In Southeast Minnesota, adventures await in every direction.
Spring Valley is a perfect example. Gracious hospitality. Historical landmarks. A Laura Ingalls Wilder connection. The birthplace of the founder of Sears. A Methodist church with a basement full of town artifacts. There’s much to appreciate in this Fillmore County community.
The catalyst for my newfound Spring Valley appreciation was some learning that took place in advance of a congregational engagement. I was preparing to preach at the installation of a pastor, and wanted to get a deepened sense of the congregation’s history.
The online Minnesota Digital Newspaper Hub made it possible to view old newspaper clippings about the congregation (Our Savior’s Lutheran Church), and its two predecessor congregations (Trinity and Zion). I also stumbled across a two-volume book set called “The History of Fillmore County,” published originally in 1912. It was full of architectural, organizational and civic history.
All of the pre-reading made my actual Sunday visit to Spring Valley feel like an extra-special excursion. I invited my mom, Pam, to come along, too, and we had a delightful time.
The morning at Our Savior’s was a joyous celebration as Pastor Jolene was installed.
During coffee hour, I met Sharon, a local historian. Meeting a local historian after reading a lot of town history is basically like meeting a celebrity. A kind, knowledgeable, gracious celebrity. I inquired about the existence of a self-guided walking tour of the community, and learned that Sharon not only knew of one, she’s the one who created it!
I also asked around about what we should do after church, and several people recommended the Spring Valley Methodist Church Museum, which also serves as a Laura Ingalls Wilder site. Mom and I got in the car, and traveled a couple blocks to the old brick church with the tall, white steeple.
Across the street from the museum was an old piece of farm machinery with a sign that read “History Matters.” We snapped a quick photo and headed inside.
Three young people were working that afternoon, and they were helpful and courteous. The main floor contained a gift shop and welcome area. Upstairs in the church’s sanctuary, there was Wilder family history, as well as a huge host of artifacts from county congregations that have closed (including special mementos from Trinity and Zion, the two predecessors of Our Savior’s).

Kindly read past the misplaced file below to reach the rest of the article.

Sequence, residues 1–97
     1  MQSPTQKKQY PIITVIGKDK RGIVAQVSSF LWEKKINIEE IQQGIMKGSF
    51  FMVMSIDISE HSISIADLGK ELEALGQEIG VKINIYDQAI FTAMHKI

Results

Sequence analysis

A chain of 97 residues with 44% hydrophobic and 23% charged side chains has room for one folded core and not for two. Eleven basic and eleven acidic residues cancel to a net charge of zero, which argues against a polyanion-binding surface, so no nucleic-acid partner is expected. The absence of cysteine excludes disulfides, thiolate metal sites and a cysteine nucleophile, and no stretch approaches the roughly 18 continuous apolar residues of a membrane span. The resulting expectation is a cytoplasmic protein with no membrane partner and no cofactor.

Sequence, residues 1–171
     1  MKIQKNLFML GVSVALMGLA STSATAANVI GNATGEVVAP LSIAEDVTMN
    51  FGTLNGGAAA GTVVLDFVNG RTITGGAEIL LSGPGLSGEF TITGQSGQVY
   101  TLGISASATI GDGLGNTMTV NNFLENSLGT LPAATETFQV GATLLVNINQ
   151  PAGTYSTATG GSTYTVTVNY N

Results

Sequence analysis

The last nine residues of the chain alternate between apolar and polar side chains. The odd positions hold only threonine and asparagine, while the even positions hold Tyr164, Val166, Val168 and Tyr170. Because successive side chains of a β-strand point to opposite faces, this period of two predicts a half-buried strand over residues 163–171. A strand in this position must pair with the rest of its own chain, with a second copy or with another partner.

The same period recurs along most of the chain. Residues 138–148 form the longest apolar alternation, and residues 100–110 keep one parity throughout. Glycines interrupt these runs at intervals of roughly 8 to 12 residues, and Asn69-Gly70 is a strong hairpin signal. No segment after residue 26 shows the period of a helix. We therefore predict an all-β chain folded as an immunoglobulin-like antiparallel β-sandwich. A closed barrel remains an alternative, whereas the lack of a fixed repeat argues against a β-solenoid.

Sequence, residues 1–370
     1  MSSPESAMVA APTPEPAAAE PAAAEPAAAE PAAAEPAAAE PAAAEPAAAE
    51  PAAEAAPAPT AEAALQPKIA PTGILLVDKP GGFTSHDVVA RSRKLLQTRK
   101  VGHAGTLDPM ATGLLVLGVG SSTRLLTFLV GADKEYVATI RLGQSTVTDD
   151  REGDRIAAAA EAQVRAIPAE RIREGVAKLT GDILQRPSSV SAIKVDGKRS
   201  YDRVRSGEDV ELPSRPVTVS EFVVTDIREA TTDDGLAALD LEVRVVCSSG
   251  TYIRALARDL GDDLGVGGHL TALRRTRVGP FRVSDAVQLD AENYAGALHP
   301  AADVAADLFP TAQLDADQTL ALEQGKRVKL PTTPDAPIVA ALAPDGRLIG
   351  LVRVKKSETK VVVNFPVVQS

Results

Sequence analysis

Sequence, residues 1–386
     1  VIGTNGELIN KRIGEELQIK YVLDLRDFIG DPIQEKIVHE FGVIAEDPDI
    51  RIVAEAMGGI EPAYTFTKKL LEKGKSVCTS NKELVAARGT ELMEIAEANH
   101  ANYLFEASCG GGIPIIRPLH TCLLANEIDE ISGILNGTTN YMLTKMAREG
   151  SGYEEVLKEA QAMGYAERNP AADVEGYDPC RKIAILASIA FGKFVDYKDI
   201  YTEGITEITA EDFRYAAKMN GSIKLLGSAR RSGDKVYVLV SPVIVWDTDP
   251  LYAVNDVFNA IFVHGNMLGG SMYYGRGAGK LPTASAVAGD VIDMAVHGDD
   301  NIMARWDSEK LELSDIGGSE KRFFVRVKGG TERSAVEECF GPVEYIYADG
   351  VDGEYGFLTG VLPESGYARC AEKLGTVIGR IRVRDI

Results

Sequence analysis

While the entire museum experience was educational, the basement was my favorite (and the most unexpected). A flight of stairs was like a time portal, and we were transported into Spring Valley of yesteryear. There were exhibits highlighting regional indigenous history, as well as profiles of community members and memorabilia from old businesses.
A special highlight for me was reading about Dr. Isabel Albro (1814-1903). She began practicing medicine in Spring Valley from her home in 1862. The contents of her medical kit were on display, as well as a summary of her life and impact. Her posted biography included the following: “In the winter when roads were impassable and stormy, she rode her pony across country on house calls, even as far as Chatfield.” What a resilient and dedicated physician!
Every community has a history worth studying. I feel immense gratitude to have stumbled into an opportunity to learn more about Spring Valley. The experience reminded me that we live in a region of Minnesota full of adventures and opportunities to learn.
Consider a trip down Highway 63. Maybe I’ll see you there (wearing my new purple Spring Valley Methodist Museum T-shirt, of course).
"Holy Everything" is a weekly column by Emily Carson. She is a Lutheran pastor. Visit her website emilyannecarson.com.